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Monday, April 4, 2011

Sardine Salad

This takes 5 minutes to prepare, start to finish.  No kidding.  No heating up the house with the stove or oven, and hardly any dishes to clean.  It's low-carb (even lower if you make your own dressing).  One serving is about 300 calories (if you are judicious with the salad dressing), and most of the ingredients live in your pantry.  The only thing you need to make sure to get fresh is the salad mix. 

But wait a minute...sardines??  I hear you in the Peanut Gallery.  Do you eat canned tuna?  Oh really, well sardines taste pretty much exactly like canned tuna, except not as dry.  And sardines are WAY better for you than canned tuna.  Sardines have more Omega-3 fatty acids than canned tuna, lower levels of mercury than canned tuna, more Vitamin D than canned tuna, and receive an uncomplicated "best choice" sustainability rating from the Monterey Bay Aquarium Seafood Watch versus the tiered rating canned tuna gets.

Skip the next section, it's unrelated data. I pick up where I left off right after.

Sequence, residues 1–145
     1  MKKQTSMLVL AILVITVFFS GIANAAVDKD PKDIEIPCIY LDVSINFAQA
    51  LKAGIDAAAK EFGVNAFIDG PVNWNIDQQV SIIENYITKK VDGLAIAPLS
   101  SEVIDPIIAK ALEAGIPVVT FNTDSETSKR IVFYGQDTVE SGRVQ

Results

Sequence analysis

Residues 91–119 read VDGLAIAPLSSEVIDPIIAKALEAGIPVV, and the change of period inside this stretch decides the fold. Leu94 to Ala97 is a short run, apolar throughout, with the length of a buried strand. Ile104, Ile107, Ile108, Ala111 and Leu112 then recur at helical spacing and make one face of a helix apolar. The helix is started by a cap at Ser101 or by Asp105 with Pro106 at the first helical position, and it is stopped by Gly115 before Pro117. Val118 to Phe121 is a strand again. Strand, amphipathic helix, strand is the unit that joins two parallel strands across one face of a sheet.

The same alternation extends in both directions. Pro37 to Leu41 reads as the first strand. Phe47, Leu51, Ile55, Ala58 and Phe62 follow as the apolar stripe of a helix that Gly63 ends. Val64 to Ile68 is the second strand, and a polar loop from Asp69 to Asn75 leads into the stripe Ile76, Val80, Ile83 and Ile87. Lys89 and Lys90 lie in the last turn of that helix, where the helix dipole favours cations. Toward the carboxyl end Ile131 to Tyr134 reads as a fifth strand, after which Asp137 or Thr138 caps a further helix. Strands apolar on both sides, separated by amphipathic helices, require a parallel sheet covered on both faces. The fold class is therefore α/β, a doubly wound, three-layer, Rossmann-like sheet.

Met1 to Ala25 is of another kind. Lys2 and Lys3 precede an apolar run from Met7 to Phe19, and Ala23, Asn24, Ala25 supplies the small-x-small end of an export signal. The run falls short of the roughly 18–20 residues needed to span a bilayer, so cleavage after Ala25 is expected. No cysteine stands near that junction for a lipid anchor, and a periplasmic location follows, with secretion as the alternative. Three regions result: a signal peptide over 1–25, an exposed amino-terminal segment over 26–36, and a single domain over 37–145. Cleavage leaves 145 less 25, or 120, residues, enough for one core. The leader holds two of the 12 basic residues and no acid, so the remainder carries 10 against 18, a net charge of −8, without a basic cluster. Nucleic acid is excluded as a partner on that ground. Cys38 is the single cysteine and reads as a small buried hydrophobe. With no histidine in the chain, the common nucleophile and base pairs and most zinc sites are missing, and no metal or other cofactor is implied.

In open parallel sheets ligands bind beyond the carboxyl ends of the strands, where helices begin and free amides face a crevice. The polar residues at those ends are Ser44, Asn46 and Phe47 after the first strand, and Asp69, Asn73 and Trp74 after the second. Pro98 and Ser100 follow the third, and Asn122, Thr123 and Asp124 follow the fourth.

I highly recommend getting boneless, skinless sardines which are slightly more spensy than bone-in, skin-on but worth the savings in aggravation.  The kids didn't go bonkers for this, but they did eat some sardines.  I left the salad dressing off their plates.  The 1yo ate bites of sardine tucked into pieces of bread, and the 2.75yo ate it dunked in ketchup.  So don't skip this one just because you don't think the fam will like it...you never know until you try! 

No picture this time, since this was dinner after my extravaganza of prep-ahead cookery and I was just pooped.

Sardine Salad
Makes 2 servings

2 4-oz. cans sardines, drained
1 tbsp ginger-sesame dressing (used Newman's Own Lighten Up dressing)
1/2 cup chickpeas
8 cups spring mix greens
1/4 cup ginger-sesame dressing

Drizzle 1 tbsp of salad dressing over sardines in a bowl and mix gently.  Toss remaining dressing with greens, and top with chickpeas and sardines. Pin It

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